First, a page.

A lot of us fans today are thinking about Paul Bearer’s death, and if you were watching at all on social media, you could easily see how well liked that guy was in wrestling.
Bearer (who many 1980s fans will also remember as manager Percy Pringle in World Class Championship Wrestling) came into prominence in 1990 in the WWF, so it’s a bit out of the scope of my blog, but I nonetheless want to pass on a pair of memories that I read and heard, respectively, about Bearer: Continue reading
Over the weekend I got to watch Michael “P.S.” Hayes step up the microphone and sing a song about his fallen Fabulous Freebirds teammate, Terry “Bam Bam” Gordy. The song is called “Freebird Road” and you can see video below and on the WWE YouTube channel.
“I wanted to introduce a whole new generation to somebody they may never have heard of,” Hayes says in the prelude to the song. The tribute coincides with Continue reading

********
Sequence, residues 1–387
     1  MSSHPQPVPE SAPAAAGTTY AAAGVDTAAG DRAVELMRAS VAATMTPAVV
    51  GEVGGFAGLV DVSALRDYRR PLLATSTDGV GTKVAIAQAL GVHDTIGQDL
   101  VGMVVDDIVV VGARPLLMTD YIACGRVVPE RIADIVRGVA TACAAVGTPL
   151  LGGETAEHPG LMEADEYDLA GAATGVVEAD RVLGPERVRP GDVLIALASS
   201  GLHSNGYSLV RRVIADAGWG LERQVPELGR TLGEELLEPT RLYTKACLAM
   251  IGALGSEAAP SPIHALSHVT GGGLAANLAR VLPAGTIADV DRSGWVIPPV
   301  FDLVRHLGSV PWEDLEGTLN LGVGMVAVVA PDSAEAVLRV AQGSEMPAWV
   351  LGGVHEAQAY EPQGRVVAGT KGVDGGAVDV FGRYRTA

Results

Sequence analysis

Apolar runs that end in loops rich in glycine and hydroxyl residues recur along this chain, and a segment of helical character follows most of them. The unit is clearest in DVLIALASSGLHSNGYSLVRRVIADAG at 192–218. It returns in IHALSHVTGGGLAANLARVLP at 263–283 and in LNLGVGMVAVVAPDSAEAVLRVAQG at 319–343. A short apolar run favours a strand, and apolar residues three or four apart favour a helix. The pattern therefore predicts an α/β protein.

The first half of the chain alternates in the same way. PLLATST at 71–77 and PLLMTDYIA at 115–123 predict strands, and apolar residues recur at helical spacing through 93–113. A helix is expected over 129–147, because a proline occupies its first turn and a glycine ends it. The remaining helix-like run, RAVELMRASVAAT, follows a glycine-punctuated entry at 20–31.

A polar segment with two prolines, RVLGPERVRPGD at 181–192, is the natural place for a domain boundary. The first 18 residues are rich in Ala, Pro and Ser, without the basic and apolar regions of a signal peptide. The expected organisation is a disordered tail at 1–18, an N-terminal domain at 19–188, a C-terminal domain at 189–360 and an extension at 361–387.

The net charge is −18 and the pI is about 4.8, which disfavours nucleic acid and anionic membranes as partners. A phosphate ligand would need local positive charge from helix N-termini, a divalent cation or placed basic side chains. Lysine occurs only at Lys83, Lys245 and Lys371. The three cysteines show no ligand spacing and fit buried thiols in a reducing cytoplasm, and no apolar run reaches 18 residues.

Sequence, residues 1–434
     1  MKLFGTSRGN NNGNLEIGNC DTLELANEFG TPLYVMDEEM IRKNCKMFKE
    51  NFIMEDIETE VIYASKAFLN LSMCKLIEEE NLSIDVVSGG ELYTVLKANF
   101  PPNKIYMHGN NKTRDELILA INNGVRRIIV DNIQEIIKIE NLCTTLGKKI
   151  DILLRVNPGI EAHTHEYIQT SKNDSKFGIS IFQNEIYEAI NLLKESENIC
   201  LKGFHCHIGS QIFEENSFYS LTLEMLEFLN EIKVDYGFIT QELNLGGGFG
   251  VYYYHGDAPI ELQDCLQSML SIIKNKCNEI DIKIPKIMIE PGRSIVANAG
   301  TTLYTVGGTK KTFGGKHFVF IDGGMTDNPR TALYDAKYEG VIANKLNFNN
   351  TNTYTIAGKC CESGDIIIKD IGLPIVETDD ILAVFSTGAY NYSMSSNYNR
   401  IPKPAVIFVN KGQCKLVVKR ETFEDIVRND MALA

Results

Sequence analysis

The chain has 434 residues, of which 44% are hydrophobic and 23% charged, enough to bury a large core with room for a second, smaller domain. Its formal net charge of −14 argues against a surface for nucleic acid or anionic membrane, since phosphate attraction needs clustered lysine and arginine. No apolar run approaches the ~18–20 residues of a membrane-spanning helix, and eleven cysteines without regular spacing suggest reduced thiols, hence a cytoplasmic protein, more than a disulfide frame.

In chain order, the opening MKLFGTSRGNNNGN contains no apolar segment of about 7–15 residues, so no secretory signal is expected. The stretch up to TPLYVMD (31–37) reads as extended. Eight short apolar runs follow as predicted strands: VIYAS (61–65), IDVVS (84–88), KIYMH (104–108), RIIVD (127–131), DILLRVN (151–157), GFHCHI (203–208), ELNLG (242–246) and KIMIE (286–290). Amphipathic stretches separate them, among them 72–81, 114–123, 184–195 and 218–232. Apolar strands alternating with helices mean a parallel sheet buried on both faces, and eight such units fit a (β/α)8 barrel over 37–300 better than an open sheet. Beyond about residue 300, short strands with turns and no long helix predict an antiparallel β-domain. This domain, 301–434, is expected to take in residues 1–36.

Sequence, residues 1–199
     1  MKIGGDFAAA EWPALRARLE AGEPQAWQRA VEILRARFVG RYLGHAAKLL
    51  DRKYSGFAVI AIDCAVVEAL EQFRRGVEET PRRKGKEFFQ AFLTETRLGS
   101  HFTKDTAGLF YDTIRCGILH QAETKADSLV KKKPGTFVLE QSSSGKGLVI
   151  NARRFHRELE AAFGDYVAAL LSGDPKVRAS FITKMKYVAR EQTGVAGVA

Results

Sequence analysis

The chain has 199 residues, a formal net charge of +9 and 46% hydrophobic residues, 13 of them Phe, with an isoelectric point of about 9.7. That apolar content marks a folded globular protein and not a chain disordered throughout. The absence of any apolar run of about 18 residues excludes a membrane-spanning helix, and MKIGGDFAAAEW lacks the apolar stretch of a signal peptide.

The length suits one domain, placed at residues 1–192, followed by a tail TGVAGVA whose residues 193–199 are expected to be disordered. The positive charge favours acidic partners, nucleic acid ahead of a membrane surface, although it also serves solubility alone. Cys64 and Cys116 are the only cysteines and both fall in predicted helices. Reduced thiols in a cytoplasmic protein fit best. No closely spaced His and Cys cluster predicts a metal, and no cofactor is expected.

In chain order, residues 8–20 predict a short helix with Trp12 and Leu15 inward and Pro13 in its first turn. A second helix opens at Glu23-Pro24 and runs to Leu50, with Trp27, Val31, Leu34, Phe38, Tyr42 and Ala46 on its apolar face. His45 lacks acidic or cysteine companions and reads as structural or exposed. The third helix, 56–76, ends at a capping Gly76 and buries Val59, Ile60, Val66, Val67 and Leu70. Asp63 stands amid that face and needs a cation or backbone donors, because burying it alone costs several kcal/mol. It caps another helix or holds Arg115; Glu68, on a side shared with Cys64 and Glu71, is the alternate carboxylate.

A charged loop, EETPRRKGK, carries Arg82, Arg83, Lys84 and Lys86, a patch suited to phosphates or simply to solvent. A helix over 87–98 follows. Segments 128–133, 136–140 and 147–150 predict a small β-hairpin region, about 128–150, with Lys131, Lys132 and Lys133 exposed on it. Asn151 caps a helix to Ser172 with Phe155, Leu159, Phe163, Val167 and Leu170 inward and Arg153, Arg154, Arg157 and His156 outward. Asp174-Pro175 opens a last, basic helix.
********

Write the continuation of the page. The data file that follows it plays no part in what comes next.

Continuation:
Between the classic pro wrestling video clips I’ve watched recently and some of the great comments from visitors of this blog, I’m reminded about the many, many WWF jobbers that I grew up with each Saturday morning on TV and also saw in person at the monthly shows at the old Boston Garden.
Here are some of the guys I remember well:
The Unpredictable Johnny Rodz – Rodz was one of those prelim wrestlers who was a step above the normal jobber, in that Continue reading
All this hype about the WWE debut of Mexican masked superstar Sin Cara (formerly known as Mistico) has made me remember the great masked wrestlers in the WWF in the 1980s.
Oh, wait a minute, there really weren’t any. Continue reading
Questions about which pro wrestler is in the mysterious 2/21/11 video airing on WWE Monday Night Raw are stirring debate among pro wrestling fans, particularly those who are active on the Internet. Does the video promote the return of the Undertaker? Does it herald the arrival of Sting? Is it teasing a WrestleMania match between Undertaker and Sting?
The excitement makes me think back to some of the great mysteries from the WWF in the 1980s, such as the following: Continue reading
Many of us could pick out moments in matches where a move is ill-timed or someone falls out of position. But these slip-ups generally are minor. A true wrestling blooper often doesn’t involve in-ring action at all, whether it’s instead an interview, skit, or even real life. The WWF had some lapses that were doozies in the 1980s, so here are my picks for the top five bloopers of that decade: Continue reading